Billy Martin, a controversial, tempestuous man, was fired tonight as manager of the New York Yankees and will be replaced by Dick Howser, a former Yankee player and coach with a temperament just the opposite of the fiery Martin.

Martin's second firing by the Yankees in two seasons apparently was triggered by a recent incident in a Bloomington, Minn., hotel. Martin, allegedly punched a man, who required 15 to 20 stitches to close a cut lip.

The Yankees made the announcement tonight, according to The Associated Press, after the wire-service received a tip and called the Yankees. A club spokesman confirmed that Martin had been fired. The spokesman would not give a specific reason and said owner George Steinbrenner would not be available for comment.

When he flew from his Florida home to New York to investigate the latest fight allegations, Steinbrenner may have already prejudged Martin when the owner commented: "We just can't have him getting into these things every two months. It's not good for organized baseball."

Martin, who was rehired as manager last June, was scheduled to manage the Yankees through the 1981 season. A Yankee spokesman said it has not yet been determined if Martin will remain with the club in another capacity for the remainder of his contract.

Martin was not available for comment tonight.

Steinbrenner first fired Martin in the middle of the 1978 season after the manager had a series of problems both with management and superstar Reggie Jackson. A week later, however, Steinbrenner shocked the baseball world by announcing that Martin would be back in 1980.

After Martin was involved in a fight with a sports writer in Reno, Nev., last November, Steinbrenner handed down an ultimatum that Martin would return to the Yankees only if he "were on his best behavior."

However, it didn't take Martin until 1980 to get back on the job. When the Yankees, whom Martin had managed to two World Series triumphs, faltered under Bob Lemon, Martin replaced Lemon, as Steinbrenner put it, "to fire up" the team. The Yankees, however, finished fourth in the AL East.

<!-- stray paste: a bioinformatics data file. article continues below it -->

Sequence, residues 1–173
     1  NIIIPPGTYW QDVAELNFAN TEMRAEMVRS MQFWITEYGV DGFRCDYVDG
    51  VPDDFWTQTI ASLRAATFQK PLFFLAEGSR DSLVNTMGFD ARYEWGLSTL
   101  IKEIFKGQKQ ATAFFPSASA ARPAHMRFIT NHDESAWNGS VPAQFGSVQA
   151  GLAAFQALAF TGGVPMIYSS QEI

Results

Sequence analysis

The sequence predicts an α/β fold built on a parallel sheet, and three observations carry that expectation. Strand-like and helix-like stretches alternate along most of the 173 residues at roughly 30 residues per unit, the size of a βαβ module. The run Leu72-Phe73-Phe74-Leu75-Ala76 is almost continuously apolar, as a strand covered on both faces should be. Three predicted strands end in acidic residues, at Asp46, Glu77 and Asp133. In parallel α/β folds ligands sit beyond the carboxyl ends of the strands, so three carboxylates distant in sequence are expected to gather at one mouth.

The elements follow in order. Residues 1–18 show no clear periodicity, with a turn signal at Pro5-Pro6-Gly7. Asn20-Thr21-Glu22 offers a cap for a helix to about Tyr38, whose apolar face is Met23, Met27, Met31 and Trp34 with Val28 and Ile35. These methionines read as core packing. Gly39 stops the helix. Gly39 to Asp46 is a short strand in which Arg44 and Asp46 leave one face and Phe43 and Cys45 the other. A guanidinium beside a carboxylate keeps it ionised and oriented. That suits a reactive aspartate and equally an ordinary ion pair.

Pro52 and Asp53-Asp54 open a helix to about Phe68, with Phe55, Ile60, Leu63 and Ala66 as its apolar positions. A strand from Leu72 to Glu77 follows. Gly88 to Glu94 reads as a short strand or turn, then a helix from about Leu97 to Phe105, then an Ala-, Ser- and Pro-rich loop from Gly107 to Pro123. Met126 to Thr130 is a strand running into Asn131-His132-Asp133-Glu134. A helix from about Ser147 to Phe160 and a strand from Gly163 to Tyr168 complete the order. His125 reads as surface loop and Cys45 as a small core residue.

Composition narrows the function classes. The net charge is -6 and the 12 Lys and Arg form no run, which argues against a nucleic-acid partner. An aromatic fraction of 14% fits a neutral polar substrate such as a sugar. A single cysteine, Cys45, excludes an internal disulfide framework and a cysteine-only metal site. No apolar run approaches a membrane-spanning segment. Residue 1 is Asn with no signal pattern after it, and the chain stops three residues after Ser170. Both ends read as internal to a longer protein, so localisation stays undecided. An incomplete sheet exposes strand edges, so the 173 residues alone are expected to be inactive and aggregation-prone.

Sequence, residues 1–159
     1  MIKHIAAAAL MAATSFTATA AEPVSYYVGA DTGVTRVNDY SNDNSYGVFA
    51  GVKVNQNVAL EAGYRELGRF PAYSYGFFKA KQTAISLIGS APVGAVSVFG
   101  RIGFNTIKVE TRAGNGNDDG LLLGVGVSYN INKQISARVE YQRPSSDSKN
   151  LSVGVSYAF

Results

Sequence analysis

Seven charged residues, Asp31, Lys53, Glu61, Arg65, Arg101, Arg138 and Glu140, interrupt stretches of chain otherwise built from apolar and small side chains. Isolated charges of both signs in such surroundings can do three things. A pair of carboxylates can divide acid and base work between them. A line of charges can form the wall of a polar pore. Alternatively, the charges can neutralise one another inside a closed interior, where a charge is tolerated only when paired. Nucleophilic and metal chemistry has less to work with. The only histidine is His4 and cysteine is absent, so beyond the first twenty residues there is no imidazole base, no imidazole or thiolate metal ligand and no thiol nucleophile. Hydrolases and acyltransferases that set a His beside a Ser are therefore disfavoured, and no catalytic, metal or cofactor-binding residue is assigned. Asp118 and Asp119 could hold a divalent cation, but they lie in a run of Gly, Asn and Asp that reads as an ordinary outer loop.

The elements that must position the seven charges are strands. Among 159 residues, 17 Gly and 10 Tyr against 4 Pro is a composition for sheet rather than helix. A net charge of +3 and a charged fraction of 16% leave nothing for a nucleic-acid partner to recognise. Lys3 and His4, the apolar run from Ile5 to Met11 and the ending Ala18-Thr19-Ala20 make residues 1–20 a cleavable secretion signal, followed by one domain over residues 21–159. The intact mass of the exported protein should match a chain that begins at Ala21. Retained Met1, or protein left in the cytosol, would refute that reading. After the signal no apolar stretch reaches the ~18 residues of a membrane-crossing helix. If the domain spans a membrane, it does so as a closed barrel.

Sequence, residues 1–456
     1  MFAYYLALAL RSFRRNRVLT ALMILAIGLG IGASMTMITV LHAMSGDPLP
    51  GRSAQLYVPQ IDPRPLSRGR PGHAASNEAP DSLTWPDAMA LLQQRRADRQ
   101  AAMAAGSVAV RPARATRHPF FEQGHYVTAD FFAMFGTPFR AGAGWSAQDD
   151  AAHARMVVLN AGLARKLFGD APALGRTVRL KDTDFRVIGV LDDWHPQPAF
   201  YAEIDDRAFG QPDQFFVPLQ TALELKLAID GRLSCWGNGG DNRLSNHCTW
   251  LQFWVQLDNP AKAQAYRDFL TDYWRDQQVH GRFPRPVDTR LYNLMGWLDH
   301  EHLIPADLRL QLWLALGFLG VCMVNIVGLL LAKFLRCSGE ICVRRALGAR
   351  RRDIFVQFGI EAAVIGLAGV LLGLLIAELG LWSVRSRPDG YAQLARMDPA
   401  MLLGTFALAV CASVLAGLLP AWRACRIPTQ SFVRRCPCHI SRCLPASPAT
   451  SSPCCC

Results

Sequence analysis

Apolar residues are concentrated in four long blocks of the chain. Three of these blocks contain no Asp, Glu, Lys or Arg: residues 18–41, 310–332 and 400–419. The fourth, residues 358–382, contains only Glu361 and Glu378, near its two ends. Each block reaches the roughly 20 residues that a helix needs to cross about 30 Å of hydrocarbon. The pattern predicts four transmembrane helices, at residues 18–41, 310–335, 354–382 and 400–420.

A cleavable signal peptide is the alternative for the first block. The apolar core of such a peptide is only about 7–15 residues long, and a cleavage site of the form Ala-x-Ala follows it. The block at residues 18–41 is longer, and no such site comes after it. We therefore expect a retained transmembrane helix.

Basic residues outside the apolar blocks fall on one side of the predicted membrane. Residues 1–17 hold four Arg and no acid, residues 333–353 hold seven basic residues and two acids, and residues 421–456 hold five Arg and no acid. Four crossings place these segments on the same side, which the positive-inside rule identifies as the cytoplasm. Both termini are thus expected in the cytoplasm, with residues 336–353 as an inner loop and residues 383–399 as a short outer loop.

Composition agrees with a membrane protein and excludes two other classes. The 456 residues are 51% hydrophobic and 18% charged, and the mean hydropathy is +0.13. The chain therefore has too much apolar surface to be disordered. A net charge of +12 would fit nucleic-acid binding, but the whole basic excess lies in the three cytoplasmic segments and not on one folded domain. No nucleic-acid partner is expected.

The latest Martin incident took place in the Hotel de France in Bloomington, where Martin once managed the Twins. According to police, Joseph Cooper, a marshmallow salesman, was identified as the man hit by Martin following a conversation in the hotel lounge.

Martin told United Press International that he did not punch anyone.

"I was going throught the lobby and heard a noise," Martin said. "I turned around and saw the guy on the floor. A security guard said the guy fell and cut his lip I just left and went to my room."

Steinbrenner first refused to comment on the incident, but according to UPI, Yankee sources said the owner felt such behavior was unbecoming the club's image.

"I am upset by it," (the reports)," Steinbrenner said at the time. I don't know all the facts yet, but Billy promised me he would not be involved in any more fights."

By Saturday, Steinbrenner apparently had collected enough information on the incident to make the change. Howser, the baseball coach at Florida State University who managed the Yankees for one game in the 1978 transition from Martin to Lemon, said he was on the field with his FSU team when he received a phone call from Steinbrenner.

The owner said there was a possibility the Yankees were going to make a change.

"Would you be interested? Howser said Steinbrenner asked him.

"Yes, that's a possibility," Howser said he replied.

He then flew to Steinbrenner's horse farm at Ocala, Fla., and "the deal was consummated," Howser said.

The Yankees said tonight that Howser had been signed to a multiyear contract. Its length and terms were not disclosed.

Howser, 42, was an infielder for eight years with Kansas City, Cleveland and the Yankees. He was the Yankee third base coach from 1969-78 and last season coached at Florida State.

Although he had settled in the Tallahassee area to get away from the major league limelight, Howser said, "It would be hard for anyone to turn down the New York Yankees managing job, especially when you've been part of the organization for 12 years. I'm a Yankee. . ."